West Virginia Doctor Found Guilty of Unlawfully Distributing Opioids

A federal jury found a West Virginia doctor guilty today of unlawfully distributing opioids to his patients.  The defendant was charged in a September 2019 indictment as part of the second Appalachian Regional Prescription Opioid (ARPO) Strike Force Takedown, a coordinated effort by the Justice Department’s Fraud Section to target unlawful drug diversion activities in areas of the country particularly hard-hit by the opioid epidemic.  

Following a six-day trial, Ricky L. Houdersheldt, D.O., 68, of Hurricane, West Virginia, was found guilty of 17 counts of distribution of controlled substances outside the scope of professional practice and without a legitimate medical purpose.  Sentencing is scheduled for Nov. 23, 2020, before U.S. District Judge Robert C. Chambers of the Southern District of West Virginia, who presided over the trial.

According to the evidence presented at trial, Houdersheldt prescribed hydrocodone, morphine, fentanyl, oxycodone, acetaminophen codeine phosphate, and diazepam to three patients which were outside the usual course of professional practice and without a legitimate medical purpose.  Evidence at trial established that Houdersheldt prescribed more than 150 opioid pills to one female patient in an effort to establish a sexual relationship and companionship with her, and that in many instances he would meet her in parking lots – rather than at his medical office – to provide the prescriptions for these drugs.  Evidence at trial also showed that Houdersheldt did not record these prescriptions in the female patient’s patient file for some of these unnecessary opioid prescriptions, and that many patients became addicted to the drugs as a result of Houdersheldt’s criminal conduct.

The evidence further established that for one of the patients, Houdersheldt prescribed more than seven times the dosage of opioid drugs recommended by the Centers for Disease Control, and that he commonly prescribed this patient the dangerous combination of morphine and the powerful opioid fentanyl.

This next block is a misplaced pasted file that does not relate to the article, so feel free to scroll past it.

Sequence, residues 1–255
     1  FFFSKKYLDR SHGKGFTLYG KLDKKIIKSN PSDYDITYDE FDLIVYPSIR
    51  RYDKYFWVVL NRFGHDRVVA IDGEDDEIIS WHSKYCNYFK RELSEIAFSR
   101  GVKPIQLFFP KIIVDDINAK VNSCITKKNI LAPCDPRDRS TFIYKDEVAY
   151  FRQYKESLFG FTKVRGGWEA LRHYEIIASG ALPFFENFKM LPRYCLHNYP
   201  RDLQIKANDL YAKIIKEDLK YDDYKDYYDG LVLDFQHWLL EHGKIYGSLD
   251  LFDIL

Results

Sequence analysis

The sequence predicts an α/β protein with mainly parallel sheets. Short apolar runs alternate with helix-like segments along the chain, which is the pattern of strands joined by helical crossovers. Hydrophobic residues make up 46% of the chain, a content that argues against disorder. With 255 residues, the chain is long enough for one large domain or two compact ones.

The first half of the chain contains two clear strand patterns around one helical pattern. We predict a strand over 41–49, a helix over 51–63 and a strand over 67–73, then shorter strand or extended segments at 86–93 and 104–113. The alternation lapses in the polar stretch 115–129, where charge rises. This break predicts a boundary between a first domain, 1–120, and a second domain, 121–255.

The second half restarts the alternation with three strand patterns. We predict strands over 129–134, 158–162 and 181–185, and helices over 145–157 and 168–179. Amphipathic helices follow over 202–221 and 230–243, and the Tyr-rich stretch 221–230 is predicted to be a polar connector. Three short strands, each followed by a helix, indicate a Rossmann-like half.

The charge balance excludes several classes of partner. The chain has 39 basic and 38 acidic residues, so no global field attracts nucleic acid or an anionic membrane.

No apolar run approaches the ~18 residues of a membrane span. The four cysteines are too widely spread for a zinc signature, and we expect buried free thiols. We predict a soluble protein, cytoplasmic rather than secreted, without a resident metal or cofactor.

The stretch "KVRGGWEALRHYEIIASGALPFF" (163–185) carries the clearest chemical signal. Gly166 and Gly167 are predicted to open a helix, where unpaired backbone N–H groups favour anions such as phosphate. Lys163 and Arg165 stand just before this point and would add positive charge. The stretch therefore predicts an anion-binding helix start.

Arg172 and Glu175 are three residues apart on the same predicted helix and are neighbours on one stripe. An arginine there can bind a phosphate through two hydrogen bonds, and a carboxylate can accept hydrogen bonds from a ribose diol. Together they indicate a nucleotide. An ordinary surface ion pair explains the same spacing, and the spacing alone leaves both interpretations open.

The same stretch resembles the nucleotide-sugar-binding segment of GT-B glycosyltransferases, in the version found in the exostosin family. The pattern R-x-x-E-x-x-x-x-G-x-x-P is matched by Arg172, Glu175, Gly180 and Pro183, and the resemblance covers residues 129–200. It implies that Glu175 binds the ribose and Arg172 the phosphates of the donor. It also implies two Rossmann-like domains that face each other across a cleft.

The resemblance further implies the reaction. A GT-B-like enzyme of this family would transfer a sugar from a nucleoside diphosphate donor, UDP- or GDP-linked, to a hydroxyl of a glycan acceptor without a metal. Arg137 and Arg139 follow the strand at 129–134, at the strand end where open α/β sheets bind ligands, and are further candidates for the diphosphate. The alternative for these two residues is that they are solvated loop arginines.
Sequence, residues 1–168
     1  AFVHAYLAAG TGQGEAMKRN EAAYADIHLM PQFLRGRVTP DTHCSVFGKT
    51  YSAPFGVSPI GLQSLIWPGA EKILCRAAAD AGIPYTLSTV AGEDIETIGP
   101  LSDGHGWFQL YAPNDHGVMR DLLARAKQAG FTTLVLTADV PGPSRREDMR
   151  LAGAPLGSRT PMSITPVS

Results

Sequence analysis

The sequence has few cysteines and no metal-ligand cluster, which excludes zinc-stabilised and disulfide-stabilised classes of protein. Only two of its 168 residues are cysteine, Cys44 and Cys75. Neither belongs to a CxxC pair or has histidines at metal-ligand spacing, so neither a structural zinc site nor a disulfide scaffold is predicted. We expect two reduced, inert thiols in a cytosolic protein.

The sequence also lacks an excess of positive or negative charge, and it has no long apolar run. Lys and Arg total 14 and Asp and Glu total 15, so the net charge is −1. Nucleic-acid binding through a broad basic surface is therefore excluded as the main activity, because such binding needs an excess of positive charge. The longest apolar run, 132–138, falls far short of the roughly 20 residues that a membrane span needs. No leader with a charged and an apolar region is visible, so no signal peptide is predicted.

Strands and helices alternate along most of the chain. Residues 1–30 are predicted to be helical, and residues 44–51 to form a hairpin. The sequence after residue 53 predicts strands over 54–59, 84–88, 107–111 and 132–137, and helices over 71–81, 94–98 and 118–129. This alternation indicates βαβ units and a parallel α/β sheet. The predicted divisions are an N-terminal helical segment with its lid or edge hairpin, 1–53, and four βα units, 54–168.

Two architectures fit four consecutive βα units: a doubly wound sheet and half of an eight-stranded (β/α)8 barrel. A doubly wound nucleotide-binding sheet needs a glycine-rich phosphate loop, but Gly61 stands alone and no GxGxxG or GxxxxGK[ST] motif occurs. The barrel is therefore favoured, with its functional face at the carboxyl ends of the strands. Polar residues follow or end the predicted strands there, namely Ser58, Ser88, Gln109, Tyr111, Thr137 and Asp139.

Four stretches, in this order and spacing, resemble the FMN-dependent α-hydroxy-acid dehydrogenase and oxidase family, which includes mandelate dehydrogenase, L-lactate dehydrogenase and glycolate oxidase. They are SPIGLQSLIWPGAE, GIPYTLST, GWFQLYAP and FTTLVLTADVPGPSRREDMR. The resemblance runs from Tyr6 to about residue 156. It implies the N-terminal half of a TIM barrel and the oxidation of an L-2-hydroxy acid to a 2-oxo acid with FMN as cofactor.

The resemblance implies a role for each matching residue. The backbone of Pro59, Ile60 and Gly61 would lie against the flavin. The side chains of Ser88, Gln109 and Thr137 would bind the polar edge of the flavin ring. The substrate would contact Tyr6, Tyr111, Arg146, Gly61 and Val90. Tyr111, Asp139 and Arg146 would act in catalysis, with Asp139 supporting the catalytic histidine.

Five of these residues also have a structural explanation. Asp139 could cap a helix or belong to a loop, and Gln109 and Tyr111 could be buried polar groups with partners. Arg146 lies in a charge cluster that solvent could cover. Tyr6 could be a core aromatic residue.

The DEA, along with the Hurricane, West Virginia Police Department, investigated the case.  Assistant Chief Kilby Macfadden and Trial Attorney Andrew B. Barras of the Criminal Division’s Fraud Section are prosecuting the case.

The Fraud Section leads the ARPO Strike Force.  Since its inception in October 2018, the ARPO Strike Force, which operates in 10 districts, has charged more than 70 defendants who are collectively responsible for distributing approximately 50 million pills. Thus far there have been 30 guilty pleas as a result of ARPO Strike Force’s efforts.  The ARPO Strike Force is part of the Medicare Fraud Strike Force Program, led by the Fraud Section.  Since its inception in March 2007, the Medicare Fraud Strike Force, which maintains 15 strike forces operating in 24 districts, has charged more than 4,200 defendants who have collectively billed the Medicare program for approximately $19 billion.  In addition, the U.S. Department of Health and Human Services (HHS) Centers for Medicare & Medicaid Services, working in conjunction with the HHS-Office of Inspector General, are taking steps to increase accountability and decrease the presence of fraudulent providers.

The year 2020 marks the 150th anniversary of the Department of Justice.  Learn more about the history of our agency at www.Justice.gov/Celebrating150Years.